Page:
As Megan and I have been revamping the great majority of some of our own writing, I took the chance to share a piece from a collection that we are collaborating on. After reading the piece aloud, I was looking forward to having several sets of critical eyes offer some constructive feedback on the piece.
To my surprise, however, the first comment that arose was, “I’m confused, do you ambulate when you train in martial arts or was this at a time when you were more ambulatory?”
Though it is not uncommon for people to be puzzled when I mention training in the martial arts, I was somewhat surprised (and amused) by how the question was phrased. “I don’t need to ambulate to train!”
I replied, with a smile. As I think about it now, I realize that I take for granted many of the ways that I have navigated my physical situation to design my ideal life.
While I understand that, at first glance, most people see the physical aspects of who I am and therefore assume my disability defines my approach to life. Yet, I’ve found that much of life success is founded upon personal prospective and one’s ability to find creative solutions to the challenges we face. In the case of martial arts, I found myself training in a school that emphasizes the cultivation of heart combined with exploring how to use one’s natural body movement to survive dangerous situations rather than forcing the body to fit a prescribed mold.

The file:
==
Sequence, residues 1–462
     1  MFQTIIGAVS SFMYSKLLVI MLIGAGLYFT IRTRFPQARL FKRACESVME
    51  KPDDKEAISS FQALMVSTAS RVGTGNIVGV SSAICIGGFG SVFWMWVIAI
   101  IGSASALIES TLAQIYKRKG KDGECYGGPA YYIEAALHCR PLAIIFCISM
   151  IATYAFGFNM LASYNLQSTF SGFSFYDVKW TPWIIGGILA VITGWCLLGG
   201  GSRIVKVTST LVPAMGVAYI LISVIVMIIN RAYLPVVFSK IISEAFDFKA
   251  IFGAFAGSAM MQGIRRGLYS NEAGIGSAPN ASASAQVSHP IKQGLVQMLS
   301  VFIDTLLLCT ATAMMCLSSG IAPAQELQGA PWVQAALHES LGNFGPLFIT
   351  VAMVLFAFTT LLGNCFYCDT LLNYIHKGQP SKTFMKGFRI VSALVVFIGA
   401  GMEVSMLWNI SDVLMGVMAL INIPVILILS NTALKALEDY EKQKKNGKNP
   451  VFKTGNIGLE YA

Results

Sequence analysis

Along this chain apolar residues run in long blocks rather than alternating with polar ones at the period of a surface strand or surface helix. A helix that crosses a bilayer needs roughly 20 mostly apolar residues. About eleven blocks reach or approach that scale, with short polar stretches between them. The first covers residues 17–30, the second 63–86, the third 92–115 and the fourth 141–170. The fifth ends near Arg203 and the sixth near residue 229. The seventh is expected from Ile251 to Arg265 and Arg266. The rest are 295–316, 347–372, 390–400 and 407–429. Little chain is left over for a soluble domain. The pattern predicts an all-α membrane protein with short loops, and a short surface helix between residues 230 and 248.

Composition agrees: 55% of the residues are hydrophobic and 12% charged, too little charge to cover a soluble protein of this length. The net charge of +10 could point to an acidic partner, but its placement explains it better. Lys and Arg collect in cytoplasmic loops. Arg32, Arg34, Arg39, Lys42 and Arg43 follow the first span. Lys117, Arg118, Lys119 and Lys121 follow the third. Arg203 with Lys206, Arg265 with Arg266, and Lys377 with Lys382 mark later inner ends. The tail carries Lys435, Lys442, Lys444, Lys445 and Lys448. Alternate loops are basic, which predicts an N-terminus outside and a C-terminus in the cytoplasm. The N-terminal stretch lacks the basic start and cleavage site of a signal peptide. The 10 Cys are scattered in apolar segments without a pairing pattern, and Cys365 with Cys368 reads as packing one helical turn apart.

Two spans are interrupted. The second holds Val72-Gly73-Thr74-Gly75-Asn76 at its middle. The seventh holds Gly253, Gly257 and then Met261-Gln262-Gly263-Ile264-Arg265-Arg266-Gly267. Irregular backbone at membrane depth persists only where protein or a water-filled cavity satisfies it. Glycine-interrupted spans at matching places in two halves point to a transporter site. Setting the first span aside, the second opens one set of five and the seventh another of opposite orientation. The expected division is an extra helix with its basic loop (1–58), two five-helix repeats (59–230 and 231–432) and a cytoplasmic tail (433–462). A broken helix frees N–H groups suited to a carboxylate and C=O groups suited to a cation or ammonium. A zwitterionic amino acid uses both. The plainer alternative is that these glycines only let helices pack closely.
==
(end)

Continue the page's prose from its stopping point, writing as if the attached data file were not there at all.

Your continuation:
Tags: disability, disability and love, disability and marriage, disability and relationships, interability marriage, martial arts, Megan Cutter, wheelchairs
When Barton and I were in Washington DC at a martial arts training seminar, just after we had gotten engaged, I stood in front of Barton and gave a punch, stopping just in front of him. I did what most people do when they train with Barton, pulling their punches. After chiding me, I gave a realistic attack, and Barton gave a realistic response, which surprised me as I wasn’t expecting an arm bar across his wheelchair nor my foot caught just under his footrest.
I had begun training in martial arts several years prior, and for, it was to navigate the chaos of an ending relationship as well as the death of my mother. I heard about martial arts from a close friend, who just said, “Come and see.” I never thought I would be training. I had grown up with asthma, not able to be as physically exerting as other students my age. After such dramatic losses in my life, I was on survival mode, yet I knew I needed to get back. The first evening I looked at students rolling on the grass at dusk, hitting and punching each other and thought, “What on earth are you doing? You want to do that?”
Training gave me not only the clarity I needed in a very turbulent time, I was also learning how my body worked in different situations, letting go physically as well as emotionally and learning how to stand back up on my own. One of the blackbelts also taught a creative writing series, and so I fell in love with journaling and writing again.
I certainly wasn’t expecting to meet the love of my life while training!